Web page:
Brett Butler with Martin Sheen, left, and Charlie Sheen in “Anger Management.”
SUN VALLEY, CALIF. — She walked back and forth across a parking lot behind a converted-warehouse soundstage here on the industrial fringes of the San Fernando Valley. Brett Butler was smoking a cigar, her hair in curlers, practicing her lines — of which there were not many — over and over again.
“You may not know this because you’re” an idiot, she said, in character as she paced. “But women who base their self-esteem on their looks are usually pretty insecure.”
She only had one scene that late-December day. That’s all she ever has. Ms. Butler, whose role on the sitcom “Grace Under Fire” made her one of America’s biggest television stars in the 1990s, is not a cast regular on “Anger Management,” the Charlie Sheen comedy that just began its second season on FX, but is a recurring guest star. She plays a bartender, a character who appears only occasionally, usually to deliver a few plot-advancing lines, most of them laced with punch lines written by somebody else.
“Actually I’m writing a book,” her character would say in that day’s scene, when asked why someone so smart was working at a bar. “It’s called ‘Conversations With Idiots.’ ”
She delivered the line with just enough lilt to make it seem more amused than venomous, a put-down softened by her Georgia accent and dimpled but world-weary smile. It’s the same barbed-magnolia delivery that got her noticed as a stand-up comic in the early ’90s and became her trademark on “Grace Under Fire,” in which she played a sharp-tongued, blue-collar, single mom.
That show, which ran on ABC from 1993 to 1998, was a Top 10 hit its first two seasons. Ms. Butler was nominated twice for Golden Globes and seemed destined to be the next Roseanne Barr. Then it all came crashing down, an ugly cascade of behind-the-scenes fights for creative control that spilled into on-set tantrums and threats. Crockery was thrown. Obscenities were shouted, sometimes with audiences in attendance. Ms. Butler, a recovering alcoholic who had been sober seven years when she got the show, descended into a Vicodin addiction that, by her own admission, made her unreliable, irrational and, at the end, unable to function.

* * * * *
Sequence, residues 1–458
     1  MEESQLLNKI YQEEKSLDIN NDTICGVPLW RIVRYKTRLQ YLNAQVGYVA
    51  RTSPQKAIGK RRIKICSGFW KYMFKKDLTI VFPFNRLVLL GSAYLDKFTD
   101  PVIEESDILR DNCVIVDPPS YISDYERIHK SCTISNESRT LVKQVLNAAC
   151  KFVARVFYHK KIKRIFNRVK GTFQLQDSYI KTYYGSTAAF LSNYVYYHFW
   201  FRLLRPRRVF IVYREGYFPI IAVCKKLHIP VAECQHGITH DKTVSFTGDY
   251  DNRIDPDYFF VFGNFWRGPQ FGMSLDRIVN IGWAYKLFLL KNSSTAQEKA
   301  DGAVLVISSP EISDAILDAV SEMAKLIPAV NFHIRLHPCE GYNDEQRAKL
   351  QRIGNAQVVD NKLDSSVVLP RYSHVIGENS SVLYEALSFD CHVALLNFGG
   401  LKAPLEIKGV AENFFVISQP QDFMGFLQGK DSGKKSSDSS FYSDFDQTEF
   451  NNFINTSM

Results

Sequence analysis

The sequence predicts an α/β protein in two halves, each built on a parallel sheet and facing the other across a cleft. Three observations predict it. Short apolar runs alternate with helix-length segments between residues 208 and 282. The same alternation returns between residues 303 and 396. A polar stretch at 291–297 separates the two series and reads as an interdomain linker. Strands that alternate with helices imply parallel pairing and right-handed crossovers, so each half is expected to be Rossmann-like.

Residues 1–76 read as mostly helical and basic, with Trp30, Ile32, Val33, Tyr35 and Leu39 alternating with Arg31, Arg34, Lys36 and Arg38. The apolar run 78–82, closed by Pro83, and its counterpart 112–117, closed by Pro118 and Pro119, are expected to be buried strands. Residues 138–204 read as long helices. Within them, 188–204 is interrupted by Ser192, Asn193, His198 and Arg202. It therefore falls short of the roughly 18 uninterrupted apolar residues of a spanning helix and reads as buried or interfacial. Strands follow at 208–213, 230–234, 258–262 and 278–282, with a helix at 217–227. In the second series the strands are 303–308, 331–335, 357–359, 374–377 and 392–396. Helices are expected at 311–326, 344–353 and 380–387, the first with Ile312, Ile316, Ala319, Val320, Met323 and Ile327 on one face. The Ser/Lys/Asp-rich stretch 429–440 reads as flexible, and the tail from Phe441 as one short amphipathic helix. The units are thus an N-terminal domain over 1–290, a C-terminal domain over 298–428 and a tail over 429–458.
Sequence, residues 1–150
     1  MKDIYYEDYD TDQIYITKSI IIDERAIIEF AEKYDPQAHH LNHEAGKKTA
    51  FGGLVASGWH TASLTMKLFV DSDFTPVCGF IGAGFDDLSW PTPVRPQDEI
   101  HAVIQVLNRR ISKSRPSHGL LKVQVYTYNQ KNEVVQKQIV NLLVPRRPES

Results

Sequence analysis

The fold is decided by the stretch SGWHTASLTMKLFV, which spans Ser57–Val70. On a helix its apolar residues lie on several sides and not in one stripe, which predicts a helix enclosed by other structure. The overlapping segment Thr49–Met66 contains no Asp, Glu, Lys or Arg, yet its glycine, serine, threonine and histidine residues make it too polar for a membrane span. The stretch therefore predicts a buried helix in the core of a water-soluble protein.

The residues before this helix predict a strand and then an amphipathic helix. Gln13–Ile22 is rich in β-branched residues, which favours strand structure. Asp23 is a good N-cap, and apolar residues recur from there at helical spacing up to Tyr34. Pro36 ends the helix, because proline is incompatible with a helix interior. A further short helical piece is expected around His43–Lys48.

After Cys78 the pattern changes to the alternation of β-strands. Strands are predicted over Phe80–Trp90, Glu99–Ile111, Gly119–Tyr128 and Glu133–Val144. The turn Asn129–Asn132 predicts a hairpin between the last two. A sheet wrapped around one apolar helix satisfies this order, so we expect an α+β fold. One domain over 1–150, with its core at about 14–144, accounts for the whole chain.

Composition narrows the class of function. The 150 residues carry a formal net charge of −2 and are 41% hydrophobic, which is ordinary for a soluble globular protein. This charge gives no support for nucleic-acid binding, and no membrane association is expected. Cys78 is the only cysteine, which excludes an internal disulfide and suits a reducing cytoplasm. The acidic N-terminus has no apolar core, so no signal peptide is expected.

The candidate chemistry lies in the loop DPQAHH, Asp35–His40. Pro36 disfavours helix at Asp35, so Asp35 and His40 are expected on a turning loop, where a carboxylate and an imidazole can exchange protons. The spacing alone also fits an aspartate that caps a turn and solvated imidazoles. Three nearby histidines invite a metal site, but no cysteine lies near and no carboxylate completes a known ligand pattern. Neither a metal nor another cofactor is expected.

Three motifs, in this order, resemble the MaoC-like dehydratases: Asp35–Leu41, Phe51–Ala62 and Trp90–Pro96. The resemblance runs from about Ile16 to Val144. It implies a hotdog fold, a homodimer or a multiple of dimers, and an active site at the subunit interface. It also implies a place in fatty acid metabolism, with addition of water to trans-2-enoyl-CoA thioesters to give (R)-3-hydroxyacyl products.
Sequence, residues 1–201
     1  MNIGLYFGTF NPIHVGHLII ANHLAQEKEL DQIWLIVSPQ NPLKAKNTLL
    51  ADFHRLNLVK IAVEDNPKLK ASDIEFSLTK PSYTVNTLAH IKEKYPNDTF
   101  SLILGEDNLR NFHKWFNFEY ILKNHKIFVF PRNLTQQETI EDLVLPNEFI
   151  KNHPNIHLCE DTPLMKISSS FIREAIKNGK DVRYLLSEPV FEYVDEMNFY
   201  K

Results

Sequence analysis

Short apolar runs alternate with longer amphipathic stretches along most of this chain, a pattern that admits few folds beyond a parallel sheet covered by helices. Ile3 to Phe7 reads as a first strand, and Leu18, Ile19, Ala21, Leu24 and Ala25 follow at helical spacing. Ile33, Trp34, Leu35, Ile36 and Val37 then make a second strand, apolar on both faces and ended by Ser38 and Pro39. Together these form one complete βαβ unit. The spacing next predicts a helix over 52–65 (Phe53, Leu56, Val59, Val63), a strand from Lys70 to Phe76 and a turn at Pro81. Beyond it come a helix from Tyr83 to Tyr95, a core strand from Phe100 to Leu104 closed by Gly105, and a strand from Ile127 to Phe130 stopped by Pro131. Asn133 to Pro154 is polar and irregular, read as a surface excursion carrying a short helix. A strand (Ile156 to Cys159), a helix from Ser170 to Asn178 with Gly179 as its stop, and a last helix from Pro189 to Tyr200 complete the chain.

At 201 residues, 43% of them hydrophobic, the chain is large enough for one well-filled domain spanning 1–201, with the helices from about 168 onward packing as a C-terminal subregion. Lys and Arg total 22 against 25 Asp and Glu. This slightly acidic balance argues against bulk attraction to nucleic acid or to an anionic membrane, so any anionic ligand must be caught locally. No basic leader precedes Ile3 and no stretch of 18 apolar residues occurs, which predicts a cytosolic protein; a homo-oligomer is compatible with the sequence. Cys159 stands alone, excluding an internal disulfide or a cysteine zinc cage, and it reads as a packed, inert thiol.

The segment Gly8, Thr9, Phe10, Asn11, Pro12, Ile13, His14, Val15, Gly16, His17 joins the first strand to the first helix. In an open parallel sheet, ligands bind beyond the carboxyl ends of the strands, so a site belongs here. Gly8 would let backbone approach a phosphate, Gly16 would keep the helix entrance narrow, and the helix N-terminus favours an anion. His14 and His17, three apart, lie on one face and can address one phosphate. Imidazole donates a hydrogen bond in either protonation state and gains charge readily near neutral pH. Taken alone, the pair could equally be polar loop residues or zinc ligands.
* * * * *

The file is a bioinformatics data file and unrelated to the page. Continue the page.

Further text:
The show, by then slipping badly in the ratings, was canceled five weeks into production in 1998. Ms. Butler, her reputation and career ruined, retreated to her home in the Hollywood Hills and proceeded to fall apart. She was, at the time, 40 years old. She had survived a traumatic childhood, an abusive first marriage to an alcoholic husband and years of working as a waitress in run-down bars. But she couldn’t survive success.
“I lost my husband, my job, the respect of people I admire greatly, everything,” she said during a lengthy interview at a coffee shop two nights before that week’s “Anger Management” filming. “But I still didn’t sober up for another six months. The closeness that I came to dying was really remarkable.”
And now, 15 years later, Ms. Butler is slowly making her return to television. “She’s awesome,” said Mr. Sheen, who shares a manager, Mark Burg, with Ms. Butler. “Seriously, I think she’s forgotten what a comedic genius she is.” Sobriety, finally achieved after some attempts at rehab and what Ms. Butler regards as divine intervention, wasn’t the hardest part, she says now. It was coming to terms with the damage she’d caused, to others certainly, but mostly to herself.
“I don’t recommend journeys of forced enlightenment,” she said. “I spent a long time trying to dig my way out of being unforgiven for how bad I’d been in Hollywood. I would meet people I’d never met before, and they’d say, ‘I hear you’re a monster.’ ”
She spent the first few years after “Grace Under Fire” in what she calls a self-imposed exile, rarely leaving her house, rejecting the few offers of work that came her way.
This article has been revised to reflect the following correction:
Correction: February 3, 2013
An article last Sunday about the actress Brett Butler, who appears on “Anger Management,” which stars Charlie Sheen, referred incorrectly to the firing of Mr. Sheen from the television show “Two and a Half Men.” He was dismissed by Warner Brothers Television — not by Chuck Lorre, who is a co-creator of the show and its executive producer.
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